Ben Grefsrud / msnbc.com
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By Travel writer
msnbc.com contributor
updated 10/11/2007 10:41:09 AM ET 2007-10-11T14:41:09

What do airports and Disney World have in common?

They both serve millions of people every year and everyone must stand in line before they can get on a ride.

But there are other similarities: Airports and Disney parks operate or coordinate parking and transportation services, restaurants and shops. And both entities employ teams of security, maintenance and custodial personnel. And there’s rarely any downtime in the business day.

But while workers (or “cast members”) at the Magic Kingdom routinely get high marks for courtesy and customer service, the staff at our nation’s airports rarely do. So when the folks at Miami International Airport decided to beef up their service to passengers, they turned to the Disney folks for help.

It’s not really such a goofy idea.

Walt Disney Co.’s Disney Institute is well known for the customer service training it provides to government agencies, major corporations and organizations of all sizes. Miami International Airport, serving more than 32.5 million passengers a year, is the first airport to sign up.

“The airport experience can be magic or tragic,” says Bruce Jones, programming director for Disney Institute. “It boils down to how guests interact with your product.”

So far, 400 Miami airport employees have attended classes. Sixteen airport tenants, including retail and food vendors, plus airlines and a few government agencies have sent some of their people as well.

What have they learned? “That while not everything that goes wrong at the airport is our fault, it is our problem,” says Dickie Davis, the airport’s Customer Service Division director. “So it’s important to make a personal connection. If someone has lost their baggage, or can’t find their gate or the parking garage and encounters an employee who’s sympathetic and tries to help, it can take the edge off. It’s all about manners and niceness and courtesy.”

And perhaps a little bit about the outfits. Airport spokesman Greg Chin says travelers will be able to easily identify all those nice employees by their festive Florida-themed shirts with the airport’s large palm tree logo on the back.  “We’re not a theme park,” he says, “but we can take some of the Disney magic and put that here at the airport.”

Can a TSA-sponsored margarita bar be far behind?

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Miami International isn’t the only airport trying to smooth out its image. Airports around the country are trying to ease the airport experience with amenities such as free Wi-FI, live music, artwork and, in Cleveland, better cab service into town.

Starting around Thanksgiving, cab drivers at Cleveland Hopkins International Airport will become well-mannered “mobile ambassadors” for the airport and the city. Airport spokeswoman Pat Smith says there used to be a glut of cabs waiting outside the airport and “some drivers didn’t really know their way around town.” Others would pick and choose passengers according to their destinations.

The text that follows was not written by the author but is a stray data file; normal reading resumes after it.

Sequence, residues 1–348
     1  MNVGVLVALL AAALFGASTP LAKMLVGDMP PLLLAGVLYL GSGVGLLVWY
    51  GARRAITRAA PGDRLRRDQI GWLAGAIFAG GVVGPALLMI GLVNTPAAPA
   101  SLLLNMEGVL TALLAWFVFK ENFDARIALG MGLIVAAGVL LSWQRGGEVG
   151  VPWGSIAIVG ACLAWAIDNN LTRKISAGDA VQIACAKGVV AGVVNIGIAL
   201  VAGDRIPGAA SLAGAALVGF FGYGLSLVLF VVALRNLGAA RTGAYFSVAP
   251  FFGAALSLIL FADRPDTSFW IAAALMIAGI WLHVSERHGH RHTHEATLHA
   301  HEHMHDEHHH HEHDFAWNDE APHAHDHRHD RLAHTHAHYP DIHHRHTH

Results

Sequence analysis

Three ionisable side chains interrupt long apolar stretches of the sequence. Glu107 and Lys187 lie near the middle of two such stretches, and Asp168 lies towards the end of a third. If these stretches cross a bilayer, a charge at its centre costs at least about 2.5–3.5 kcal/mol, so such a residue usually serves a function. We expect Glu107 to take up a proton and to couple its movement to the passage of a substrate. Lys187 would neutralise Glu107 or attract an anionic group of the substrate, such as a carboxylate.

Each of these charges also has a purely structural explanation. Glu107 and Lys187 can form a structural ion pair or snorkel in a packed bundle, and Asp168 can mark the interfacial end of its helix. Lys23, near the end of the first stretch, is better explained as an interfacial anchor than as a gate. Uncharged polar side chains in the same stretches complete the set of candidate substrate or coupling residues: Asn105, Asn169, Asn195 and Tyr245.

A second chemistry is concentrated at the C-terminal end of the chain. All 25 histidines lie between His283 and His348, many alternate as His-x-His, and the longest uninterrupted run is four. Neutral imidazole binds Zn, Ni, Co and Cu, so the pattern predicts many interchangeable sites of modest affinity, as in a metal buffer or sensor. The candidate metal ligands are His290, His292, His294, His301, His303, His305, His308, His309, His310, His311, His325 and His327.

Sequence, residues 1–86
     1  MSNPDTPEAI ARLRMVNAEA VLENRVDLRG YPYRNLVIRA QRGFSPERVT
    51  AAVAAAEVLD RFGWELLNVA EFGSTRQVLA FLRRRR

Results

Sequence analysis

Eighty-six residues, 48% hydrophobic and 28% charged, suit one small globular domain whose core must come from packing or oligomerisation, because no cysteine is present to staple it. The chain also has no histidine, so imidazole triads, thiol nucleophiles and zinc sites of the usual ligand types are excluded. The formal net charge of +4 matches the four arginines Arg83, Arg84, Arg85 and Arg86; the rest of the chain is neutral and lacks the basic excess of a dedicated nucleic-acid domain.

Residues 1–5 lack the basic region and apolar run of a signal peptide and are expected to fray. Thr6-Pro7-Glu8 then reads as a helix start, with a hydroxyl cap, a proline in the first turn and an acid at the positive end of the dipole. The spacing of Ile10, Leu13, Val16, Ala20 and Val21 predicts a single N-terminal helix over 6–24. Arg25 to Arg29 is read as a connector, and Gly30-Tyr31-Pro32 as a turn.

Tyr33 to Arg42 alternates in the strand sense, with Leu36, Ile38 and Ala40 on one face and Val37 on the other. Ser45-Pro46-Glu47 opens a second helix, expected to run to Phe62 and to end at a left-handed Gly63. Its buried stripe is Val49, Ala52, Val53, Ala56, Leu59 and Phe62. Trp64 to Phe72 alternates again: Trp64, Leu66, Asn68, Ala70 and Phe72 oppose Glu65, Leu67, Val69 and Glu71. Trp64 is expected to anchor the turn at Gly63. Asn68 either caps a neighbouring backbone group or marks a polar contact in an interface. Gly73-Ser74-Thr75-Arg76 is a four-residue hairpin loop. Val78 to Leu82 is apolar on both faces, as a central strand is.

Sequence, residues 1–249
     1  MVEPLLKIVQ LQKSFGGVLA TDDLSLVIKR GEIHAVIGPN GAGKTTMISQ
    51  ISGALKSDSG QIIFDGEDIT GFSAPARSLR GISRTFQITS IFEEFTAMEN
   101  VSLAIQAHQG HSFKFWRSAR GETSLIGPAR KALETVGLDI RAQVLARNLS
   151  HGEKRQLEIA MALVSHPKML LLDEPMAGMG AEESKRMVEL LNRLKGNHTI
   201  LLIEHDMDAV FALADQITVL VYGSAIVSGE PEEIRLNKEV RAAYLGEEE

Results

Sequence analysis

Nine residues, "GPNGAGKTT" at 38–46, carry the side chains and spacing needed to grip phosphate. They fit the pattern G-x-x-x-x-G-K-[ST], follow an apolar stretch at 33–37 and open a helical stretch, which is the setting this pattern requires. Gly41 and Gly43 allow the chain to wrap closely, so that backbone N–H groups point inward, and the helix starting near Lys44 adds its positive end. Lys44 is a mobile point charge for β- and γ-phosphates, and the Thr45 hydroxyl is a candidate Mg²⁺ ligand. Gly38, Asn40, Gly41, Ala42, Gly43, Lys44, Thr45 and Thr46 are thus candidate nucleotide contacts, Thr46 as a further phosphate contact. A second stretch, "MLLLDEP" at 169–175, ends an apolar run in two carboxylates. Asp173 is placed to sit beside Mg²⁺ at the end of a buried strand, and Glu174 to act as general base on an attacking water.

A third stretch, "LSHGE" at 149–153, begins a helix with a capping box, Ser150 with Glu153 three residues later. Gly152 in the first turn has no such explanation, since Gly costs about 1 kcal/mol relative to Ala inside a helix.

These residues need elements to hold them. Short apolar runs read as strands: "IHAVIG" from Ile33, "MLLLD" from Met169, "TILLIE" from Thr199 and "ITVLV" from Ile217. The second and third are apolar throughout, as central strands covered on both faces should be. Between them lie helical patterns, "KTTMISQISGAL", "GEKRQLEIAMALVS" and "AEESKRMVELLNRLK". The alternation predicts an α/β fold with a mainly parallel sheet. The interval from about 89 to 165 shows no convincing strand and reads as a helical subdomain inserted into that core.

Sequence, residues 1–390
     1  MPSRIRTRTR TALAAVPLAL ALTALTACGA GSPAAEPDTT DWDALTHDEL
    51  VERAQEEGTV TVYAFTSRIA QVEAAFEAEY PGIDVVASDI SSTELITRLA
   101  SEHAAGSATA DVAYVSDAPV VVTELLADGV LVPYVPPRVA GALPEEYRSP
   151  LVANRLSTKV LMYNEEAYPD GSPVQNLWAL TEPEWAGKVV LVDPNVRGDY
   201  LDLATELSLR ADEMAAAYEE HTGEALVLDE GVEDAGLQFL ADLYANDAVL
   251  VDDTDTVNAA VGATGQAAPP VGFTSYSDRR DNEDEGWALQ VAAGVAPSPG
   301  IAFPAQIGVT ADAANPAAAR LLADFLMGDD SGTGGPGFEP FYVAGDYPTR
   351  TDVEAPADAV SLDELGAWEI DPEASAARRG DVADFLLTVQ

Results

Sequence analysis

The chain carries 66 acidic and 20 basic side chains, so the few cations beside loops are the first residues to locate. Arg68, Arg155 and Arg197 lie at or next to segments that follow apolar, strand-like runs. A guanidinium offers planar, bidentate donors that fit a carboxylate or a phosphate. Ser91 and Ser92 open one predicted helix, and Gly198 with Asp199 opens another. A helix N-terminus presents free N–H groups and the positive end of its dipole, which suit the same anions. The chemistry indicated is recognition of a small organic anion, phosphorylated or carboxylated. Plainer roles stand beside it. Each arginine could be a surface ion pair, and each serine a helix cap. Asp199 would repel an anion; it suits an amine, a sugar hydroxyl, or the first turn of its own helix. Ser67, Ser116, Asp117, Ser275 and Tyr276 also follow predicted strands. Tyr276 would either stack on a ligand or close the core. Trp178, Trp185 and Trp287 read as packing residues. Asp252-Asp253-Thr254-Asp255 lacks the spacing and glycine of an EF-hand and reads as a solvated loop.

The airport’s new cab service is modeled after those at Baltimore/Washington International Thurgood Marshal Airport and other airports. All cabs are late models, equipped with cameras and GPS and must be kept clean and in good shape. Fares to downtown will increase, but they will be regulated and the drivers will be uniformed, trained in customer service and hospitality and armed with information about attractions and events in town. “When you come into the airport, we’re the first impression of Cleveland that you get,” Smith says. “We’re also the last. So we want to make sure both those impressions are as positive as can be.”

That seems to be the approach at the Fort Wayne International Airport. The airport has free wireless Internet access, a business center and a great aviation museum. And someone from the airport’s team of more than 70 volunteer Hospitality Hosts greets all arriving flights and offers each passenger a smile and a free locally-baked cookie.

Recently, the airport also began offering passengers complimentary shuttle service between the airport and the long-term and economy parking lots, even though “it really takes no more than a four or five minutes to walk to the terminal,” says Tory Richardson, the executive director of the Fort Wayne-Allen County Airport Authority.

Why spend the money to buy vans and hire staff to offer such a service? “We have an aging population and lots of business travelers. And on snowy, rainy or windy days, it’s just not a great walk,” says Richardson. “So it helps our airport stand out from the larger ones in the region. And it’s one more courtesy we can offer to passengers in terms of being customer friendly.”

And, says Richardson, “In many cases, passengers don’t differentiate between the services of the airport and the airlines.” So if someone gets delayed or stuck on an airplane for two hours the airport often ends up being blamed. “We want to be involved in doing what we can to assist passengers.”

Especially, I suspect, when it seems as if the airlines don’t really care to.

So can cookies, festive shirts, complimentary shuttle rides and an extra dose of “manners, niceness and courtesy” make up for long lines, overpriced food, delayed departures and some of the other frustrations of modern day air travel?

It may depend on whether or not you’re goofy enough to believe in magic.

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